Spring is here. The cool season grasses such as fescue, ryegrass, and bluegrass are those lawns over which people have exclaimed, "You look marvelous!" (Can't you just hear Billy Crystal?) They have been bright green all winter. They are still growing fast; mow them weekly with a rotary mower (to 1 1/2 inches in height).
You should be feeding all established lawns now with a complete lawn fertilizer--containing phosphorus and potassium as well as nitrogen--to get warm-season grasses off to a good start and keep cool-season grasses going longer. A healthy, well-fed lawn is better able to withstand pests and diseases and choke out weeds
Warm-season grasses, such as Bermuda, dichondra, and zoysia, are waking up from winter dormancy. As they start growing, begin mowing weekly with a reel mower to the correct height for each. Mow common Bermuda to 1 inch, hybrid Bermuda to 1/2 or 1/4 inch, St. Augustine to between 3/4 and 1 1/4 inches, and zoysia to 3/4 to 1 inch height. Cut Adalayd grass with a rotary mower between 3/4 and 1 inch in height.
We have mentioned two different kinds of lawn mowers: rotary and reel. A rotary mower is one in which one blade spins horizontally and uses a sucking and tearing action to cut the blades of grass. A reel mower is one in which the blades spin vertically and use a scissoring action to cut the blades of grass.
You notice that we recommend fertilizing with a complete fertilizer. While nitrogen gives your lawn top growth and a healthy green color you can see, phosphorus and potassium feed the roots and growth systems of the plant that are unseen but just as important. Phosphorus and potassium are longer lasting in soil than nitrogen, so one feeding a season with them is often adequate. After this complete feeding, you can switch to a less expensive, pure nitrogen fertilizer if desired, and feed warm-season grasses with it once a month for the rest of the growing season.
Before applying your complete fertilizer, be sure to read the instructions for your lawn type. Apply fertilizer when the ground is damp and grass blades dry, and follow up by watering deeply. Otherwise, you risk burning your lawn. As an alternative fertilizer for the cool season lawn, add coated slow-release fertilizer. Cool-season grasses need little or no fertilizer during the warmer months of the year. Slow release fertilizer will work perfectly for this type of lawn.
Irrigate all lawns now, according to their individual needs, if rains have not been adequate.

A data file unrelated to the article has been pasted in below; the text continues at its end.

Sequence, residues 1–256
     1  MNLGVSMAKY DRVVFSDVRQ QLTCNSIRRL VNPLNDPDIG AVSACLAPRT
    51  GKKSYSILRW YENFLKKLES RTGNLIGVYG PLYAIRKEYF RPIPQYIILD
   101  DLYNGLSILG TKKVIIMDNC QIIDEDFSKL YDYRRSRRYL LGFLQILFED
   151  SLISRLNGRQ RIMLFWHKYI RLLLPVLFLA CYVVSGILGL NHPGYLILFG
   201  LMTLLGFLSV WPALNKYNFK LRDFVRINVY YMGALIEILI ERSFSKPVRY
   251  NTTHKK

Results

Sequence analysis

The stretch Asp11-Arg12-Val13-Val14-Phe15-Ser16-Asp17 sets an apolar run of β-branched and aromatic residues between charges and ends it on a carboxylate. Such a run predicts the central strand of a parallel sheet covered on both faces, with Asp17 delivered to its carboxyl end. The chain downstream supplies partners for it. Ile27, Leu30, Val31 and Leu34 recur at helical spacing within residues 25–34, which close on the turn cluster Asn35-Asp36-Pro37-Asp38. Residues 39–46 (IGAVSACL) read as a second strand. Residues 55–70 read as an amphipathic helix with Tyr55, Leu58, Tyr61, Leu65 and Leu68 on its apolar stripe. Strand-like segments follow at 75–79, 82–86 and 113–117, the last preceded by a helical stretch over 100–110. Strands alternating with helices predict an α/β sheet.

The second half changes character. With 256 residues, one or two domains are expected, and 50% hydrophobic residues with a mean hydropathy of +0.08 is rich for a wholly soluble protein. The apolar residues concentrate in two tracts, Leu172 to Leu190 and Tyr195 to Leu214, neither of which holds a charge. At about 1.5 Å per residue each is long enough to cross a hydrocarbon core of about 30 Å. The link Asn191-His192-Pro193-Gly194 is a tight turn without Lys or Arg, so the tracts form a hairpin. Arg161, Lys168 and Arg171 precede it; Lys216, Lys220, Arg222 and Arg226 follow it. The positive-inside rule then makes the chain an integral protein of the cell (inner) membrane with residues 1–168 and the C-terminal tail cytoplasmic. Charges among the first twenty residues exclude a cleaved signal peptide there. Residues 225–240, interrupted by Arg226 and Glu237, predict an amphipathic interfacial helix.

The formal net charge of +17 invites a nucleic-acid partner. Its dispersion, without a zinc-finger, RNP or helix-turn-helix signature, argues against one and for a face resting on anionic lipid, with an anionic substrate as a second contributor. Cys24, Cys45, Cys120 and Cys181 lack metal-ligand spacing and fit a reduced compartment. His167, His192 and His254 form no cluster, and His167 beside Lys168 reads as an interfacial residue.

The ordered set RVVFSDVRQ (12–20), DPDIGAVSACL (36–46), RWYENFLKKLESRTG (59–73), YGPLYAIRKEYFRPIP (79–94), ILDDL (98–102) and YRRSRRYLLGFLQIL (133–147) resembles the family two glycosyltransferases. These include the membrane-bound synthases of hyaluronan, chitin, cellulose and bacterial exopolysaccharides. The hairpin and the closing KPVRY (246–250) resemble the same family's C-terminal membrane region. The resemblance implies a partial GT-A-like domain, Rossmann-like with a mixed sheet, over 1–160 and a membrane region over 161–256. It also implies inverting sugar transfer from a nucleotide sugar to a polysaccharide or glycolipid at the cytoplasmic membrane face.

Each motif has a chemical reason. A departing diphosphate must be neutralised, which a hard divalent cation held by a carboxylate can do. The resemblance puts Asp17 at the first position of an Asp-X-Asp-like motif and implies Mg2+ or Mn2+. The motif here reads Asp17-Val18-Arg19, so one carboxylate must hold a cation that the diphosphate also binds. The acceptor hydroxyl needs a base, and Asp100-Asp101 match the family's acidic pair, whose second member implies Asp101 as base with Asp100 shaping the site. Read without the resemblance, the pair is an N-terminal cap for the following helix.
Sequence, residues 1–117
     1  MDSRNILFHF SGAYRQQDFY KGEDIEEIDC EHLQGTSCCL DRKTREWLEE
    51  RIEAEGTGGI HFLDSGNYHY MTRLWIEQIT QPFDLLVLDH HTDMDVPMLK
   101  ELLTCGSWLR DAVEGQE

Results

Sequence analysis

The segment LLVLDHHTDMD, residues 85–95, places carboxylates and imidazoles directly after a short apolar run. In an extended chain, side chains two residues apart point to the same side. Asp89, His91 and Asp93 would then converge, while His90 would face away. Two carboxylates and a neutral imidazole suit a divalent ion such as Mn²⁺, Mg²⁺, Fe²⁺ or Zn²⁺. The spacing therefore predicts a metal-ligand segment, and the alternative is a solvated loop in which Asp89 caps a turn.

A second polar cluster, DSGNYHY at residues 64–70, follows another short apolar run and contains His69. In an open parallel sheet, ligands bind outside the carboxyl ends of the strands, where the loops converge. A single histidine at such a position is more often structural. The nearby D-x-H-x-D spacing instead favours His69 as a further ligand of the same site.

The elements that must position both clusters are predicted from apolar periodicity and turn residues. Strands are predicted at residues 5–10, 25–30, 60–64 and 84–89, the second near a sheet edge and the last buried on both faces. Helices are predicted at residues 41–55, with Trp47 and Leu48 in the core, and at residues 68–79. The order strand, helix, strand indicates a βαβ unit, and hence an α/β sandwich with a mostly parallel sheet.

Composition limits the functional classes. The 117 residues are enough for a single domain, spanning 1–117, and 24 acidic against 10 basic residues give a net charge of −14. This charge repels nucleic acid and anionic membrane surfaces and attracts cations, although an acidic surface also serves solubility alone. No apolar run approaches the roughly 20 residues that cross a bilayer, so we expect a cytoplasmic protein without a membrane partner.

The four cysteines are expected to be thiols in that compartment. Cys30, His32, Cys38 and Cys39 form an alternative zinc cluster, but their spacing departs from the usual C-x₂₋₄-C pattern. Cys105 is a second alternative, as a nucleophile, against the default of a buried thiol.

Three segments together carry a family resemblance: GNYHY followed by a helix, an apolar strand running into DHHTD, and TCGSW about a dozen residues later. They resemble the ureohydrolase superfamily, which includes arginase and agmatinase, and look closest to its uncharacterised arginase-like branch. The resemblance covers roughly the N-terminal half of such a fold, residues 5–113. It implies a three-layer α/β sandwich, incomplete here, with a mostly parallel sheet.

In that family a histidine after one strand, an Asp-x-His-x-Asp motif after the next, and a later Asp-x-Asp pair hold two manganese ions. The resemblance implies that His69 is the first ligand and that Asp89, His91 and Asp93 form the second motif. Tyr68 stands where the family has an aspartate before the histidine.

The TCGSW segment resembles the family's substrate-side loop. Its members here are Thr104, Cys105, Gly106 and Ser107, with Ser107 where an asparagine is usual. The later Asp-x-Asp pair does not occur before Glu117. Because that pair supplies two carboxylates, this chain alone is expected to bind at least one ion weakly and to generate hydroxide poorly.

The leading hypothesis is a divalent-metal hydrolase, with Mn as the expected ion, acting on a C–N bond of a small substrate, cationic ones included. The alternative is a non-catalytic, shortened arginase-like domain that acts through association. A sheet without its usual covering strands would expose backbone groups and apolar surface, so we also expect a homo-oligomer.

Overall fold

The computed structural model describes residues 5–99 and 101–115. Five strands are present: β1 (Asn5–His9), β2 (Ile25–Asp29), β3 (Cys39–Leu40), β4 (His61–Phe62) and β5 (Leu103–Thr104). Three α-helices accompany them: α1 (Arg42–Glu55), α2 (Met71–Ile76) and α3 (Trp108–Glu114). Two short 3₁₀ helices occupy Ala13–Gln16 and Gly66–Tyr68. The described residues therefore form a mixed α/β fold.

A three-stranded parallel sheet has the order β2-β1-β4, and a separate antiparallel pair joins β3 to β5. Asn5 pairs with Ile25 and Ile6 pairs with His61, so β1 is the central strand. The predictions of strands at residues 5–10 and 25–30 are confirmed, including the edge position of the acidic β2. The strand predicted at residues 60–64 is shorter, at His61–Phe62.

Both warm- and cool-season grasses may be bought as sod, and cool-season grasses can be planted from sod any month year-round. Although you can plant both warm- and cool-season grasses from seed this month, fall is actually a better time to plant cool-season grass seed.
This is because fall planting gives cool-season grasses planted from seed more time to establish a root system before summer heat arrives. When planting warm-season grasses, wait until the weather has warmed up in your area. (If you plan to plant zoysia, it's best to wait until June.)
There are numerous lawn types and you should investigate each of them before choosing and planting one. How do you choose which grass is right for you? There are many considerations: sun, shade, foot traffic, pets, children, hardiness, style, color, and simply the "look" that you like.
When planting a new lawn, regardless of the type of grass and method of planting you choose, be sure to prepare the site thoroughly. If you're planting an invasive grass, such as Bermuda or an invasive variety of zoysia, first install edging to keep it from creeping into borders.
For all lawns, roto-till deeply, add plenty of soil amendment, then level and roll this amended ground. "Level" might mean rolling the area completely flat or it may mean compacting the soil but adding mounded areas of interest.
The point is to level out soil so that your new lawn is not filled with hundreds of hills and valleys that would make walking on it (and mowing it) difficult.
If you have chosen to put in a seed lawn, sprinkle seeds evenly. This is most efficiently done using a hand-held fertilizer spreader or a seed spreader and covering the seeds with mulch or a lawn topper product.
Perhaps you are putting in a lawn that can be grown from stolons. Stolons are little portions of the plant that will root once in contact with the soil. St. Augustine is an example of this type of grass. Either roll stolons with a roller to press them into the soil or simply partially cover them with topsoil or a lawn topper product. Keep your freshly planted lawn damp until established. Sprinkle it two or three times daily, and avoid watering late in the day.
Just water and watch. In a few months--voilà--your new lawn!
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